Bath & North East Somerset Council’s highways team are cutting back highway verge vegetation to improve road safety in its rural areas.

More than 1,015km of highway verge will be cut back across Bath & North East Somerset, this should be completed by mid-July. Cutting back vegetation improves sight-line visibility at junctions and bends, making them safer to navigate for pedestrians, cyclists, wheelers and motorists.

The work also prevents traffic signs being obscured, creates a pedestrian refuge when no footway exists, and it keeps the vegetation and brushwood at a controllable level.

The Council expects disruption to traffic to be minimal.

Where it is safe to do so, verges are left uncut to allow benefits for the local wildlife and environment. Long grass and wildflowers are good for wildlife as they provide food and shelter for insects, birds, small mammals, reptiles, amphibians and they also provide flowers for pollinators.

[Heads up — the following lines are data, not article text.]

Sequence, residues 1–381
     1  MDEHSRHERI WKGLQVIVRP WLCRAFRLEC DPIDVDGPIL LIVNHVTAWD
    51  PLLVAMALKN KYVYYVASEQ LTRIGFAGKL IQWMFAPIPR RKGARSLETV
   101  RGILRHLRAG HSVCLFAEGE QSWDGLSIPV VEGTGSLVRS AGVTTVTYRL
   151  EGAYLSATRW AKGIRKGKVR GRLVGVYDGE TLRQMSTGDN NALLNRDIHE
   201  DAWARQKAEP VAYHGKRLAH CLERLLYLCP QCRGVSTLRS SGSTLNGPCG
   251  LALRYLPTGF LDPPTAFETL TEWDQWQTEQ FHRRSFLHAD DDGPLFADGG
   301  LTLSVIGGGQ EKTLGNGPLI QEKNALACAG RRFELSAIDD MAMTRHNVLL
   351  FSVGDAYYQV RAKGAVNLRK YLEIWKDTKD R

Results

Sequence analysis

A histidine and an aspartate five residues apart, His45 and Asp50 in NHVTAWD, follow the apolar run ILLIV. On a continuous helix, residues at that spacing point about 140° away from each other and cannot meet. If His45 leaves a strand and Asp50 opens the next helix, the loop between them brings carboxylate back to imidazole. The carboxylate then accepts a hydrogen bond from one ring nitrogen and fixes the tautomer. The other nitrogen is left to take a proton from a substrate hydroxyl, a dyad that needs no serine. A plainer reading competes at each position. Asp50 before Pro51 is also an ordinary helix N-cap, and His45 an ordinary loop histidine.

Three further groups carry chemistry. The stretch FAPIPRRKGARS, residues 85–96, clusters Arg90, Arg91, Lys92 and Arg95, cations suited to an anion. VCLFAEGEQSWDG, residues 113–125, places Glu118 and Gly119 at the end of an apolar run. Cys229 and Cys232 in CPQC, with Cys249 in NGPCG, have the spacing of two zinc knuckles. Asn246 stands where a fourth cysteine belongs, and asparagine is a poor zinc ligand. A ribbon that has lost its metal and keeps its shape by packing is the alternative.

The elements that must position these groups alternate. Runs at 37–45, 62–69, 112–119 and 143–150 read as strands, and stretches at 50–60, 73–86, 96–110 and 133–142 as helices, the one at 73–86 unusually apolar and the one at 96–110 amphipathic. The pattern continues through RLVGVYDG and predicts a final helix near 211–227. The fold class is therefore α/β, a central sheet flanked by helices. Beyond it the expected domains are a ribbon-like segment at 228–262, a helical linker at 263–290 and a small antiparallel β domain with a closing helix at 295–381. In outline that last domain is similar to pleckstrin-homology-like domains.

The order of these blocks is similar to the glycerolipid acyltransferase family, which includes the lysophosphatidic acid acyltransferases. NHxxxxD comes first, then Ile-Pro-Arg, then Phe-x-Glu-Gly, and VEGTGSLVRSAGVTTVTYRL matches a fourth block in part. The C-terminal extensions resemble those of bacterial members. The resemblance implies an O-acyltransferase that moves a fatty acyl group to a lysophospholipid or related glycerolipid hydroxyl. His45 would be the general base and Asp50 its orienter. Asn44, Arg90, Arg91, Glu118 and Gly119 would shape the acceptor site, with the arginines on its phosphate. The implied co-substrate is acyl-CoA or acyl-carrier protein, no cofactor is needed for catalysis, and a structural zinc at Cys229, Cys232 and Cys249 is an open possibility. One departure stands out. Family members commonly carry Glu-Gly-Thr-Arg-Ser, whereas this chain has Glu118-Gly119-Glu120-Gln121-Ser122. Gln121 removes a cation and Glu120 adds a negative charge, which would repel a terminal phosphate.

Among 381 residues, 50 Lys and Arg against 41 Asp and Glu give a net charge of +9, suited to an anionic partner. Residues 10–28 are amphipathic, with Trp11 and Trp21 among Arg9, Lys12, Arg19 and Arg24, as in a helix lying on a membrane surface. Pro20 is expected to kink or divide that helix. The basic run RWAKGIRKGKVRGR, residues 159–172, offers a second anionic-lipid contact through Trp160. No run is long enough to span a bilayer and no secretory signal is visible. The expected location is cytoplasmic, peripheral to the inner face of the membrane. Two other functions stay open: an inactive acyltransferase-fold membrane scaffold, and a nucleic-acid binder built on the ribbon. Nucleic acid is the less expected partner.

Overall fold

Councillor Manda Rigby, cabinet member for Transport, said: “Having good visibility at junctions is important for the safety of everyone using our roads, and these works are essential to help us achieve that.

“However, as we’ve done in previous years, we’ll leave suitable areas uncut for longer periods to encourage wildflowers, bees and other pollinators to thrive which is better for the environment.”     

The council’s highways teams cut verges twice a year to make sure the highways are kept as safe as possible. You can find more information and the grass cutting schedules for urban areas here.